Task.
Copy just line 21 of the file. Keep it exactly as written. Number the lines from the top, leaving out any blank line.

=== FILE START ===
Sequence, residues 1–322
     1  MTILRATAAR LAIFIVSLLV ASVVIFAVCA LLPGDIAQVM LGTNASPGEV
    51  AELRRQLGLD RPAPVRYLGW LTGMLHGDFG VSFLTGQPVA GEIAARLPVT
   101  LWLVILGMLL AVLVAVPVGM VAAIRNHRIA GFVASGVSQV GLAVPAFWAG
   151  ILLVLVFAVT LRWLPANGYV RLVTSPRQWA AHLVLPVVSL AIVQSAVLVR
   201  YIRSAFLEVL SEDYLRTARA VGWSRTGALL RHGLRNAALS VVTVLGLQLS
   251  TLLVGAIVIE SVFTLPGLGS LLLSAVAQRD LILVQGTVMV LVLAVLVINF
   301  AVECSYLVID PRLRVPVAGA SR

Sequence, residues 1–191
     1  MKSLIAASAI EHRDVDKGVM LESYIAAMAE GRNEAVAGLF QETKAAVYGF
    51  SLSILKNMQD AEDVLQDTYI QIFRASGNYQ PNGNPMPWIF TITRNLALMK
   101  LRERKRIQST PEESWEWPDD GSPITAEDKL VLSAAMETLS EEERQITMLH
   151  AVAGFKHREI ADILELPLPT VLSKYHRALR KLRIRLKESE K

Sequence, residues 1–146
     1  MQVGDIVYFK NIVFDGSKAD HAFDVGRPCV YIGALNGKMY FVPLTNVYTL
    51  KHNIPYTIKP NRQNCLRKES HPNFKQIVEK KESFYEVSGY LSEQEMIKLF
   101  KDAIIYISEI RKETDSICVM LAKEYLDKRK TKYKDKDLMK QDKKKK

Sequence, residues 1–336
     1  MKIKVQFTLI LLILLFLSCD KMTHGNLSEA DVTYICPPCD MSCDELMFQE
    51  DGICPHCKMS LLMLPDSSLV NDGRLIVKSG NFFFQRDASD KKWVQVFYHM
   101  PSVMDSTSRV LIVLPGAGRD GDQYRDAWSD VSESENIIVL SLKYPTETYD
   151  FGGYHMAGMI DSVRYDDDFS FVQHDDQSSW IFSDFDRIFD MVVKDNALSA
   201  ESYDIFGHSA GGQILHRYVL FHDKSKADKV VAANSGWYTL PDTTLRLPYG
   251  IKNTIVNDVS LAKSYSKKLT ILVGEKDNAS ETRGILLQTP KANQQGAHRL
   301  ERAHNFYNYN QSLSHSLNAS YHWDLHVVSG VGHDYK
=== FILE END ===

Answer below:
   101  PSVMDSTSRV LIVLPGAGRD GDQYRDAWSD VSESENIIVL SLKYPTETYD